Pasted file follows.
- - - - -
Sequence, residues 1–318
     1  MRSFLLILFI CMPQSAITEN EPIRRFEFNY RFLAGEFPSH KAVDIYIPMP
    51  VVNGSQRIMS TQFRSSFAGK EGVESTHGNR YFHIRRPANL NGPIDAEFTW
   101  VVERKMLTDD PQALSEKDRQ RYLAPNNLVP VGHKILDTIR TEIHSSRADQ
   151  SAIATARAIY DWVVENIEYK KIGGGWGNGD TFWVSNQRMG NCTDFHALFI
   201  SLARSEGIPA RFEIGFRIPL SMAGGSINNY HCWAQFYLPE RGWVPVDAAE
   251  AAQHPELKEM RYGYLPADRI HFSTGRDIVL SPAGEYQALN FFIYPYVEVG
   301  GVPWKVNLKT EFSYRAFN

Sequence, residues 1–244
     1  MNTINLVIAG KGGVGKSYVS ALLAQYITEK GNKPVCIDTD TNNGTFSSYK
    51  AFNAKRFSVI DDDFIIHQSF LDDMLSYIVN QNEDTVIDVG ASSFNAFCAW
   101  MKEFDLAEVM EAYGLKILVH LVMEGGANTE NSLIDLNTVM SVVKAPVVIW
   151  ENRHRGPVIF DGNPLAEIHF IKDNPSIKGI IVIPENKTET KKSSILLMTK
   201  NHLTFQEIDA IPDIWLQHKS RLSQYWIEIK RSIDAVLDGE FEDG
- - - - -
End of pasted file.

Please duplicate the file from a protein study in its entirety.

Sequence, residues 1–318
     1  MRSFLLILFI CMPQSAITEN EPIRRFEFNY RFLAGEFPSH KAVDIYIPMP
    51  VVNGSQRIMS TQFRSSFAGK EGVESTHGNR YFHIRRPANL NGPIDAEFTW
   101  VVERKMLTDD PQALSEKDRQ RYLAPNNLVP VGHKILDTIR TEIHSSRADQ
   151  SAIATARAIY DWVVENIEYK KIGGGWGNGD TFWVSNQRMG NCTDFHALFI
   201  SLARSEGIPA RFEIGFRIPL SMAGGSINNY HCWAQFYLPE RGWVPVDAAE
   251  AAQHPELKEM RYGYLPADRI HFSTGRDIVL SPAGEYQALN FFIYPYVEVG
   301  GVPWKVNLKT EFSYRAFN

Sequence, residues 1–244
     1  MNTINLVIAG KGGVGKSYVS ALLAQYITEK GNKPVCIDTD TNNGTFSSYK
    51  AFNAKRFSVI DDDFIIHQSF LDDMLSYIVN QNEDTVIDVG ASSFNAFCAW
   101  MKEFDLAEVM EAYGLKILVH LVMEGGANTE NSLIDLNTVM SVVKAPVVIW
   151  ENRHRGPVIF DGNPLAEIHF IKDNPSIKGI IVIPENKTET KKSSILLMTK
   201  NHLTFQEIDA IPDIWLQHKS RLSQYWIEIK RSIDAVLDGE FEDG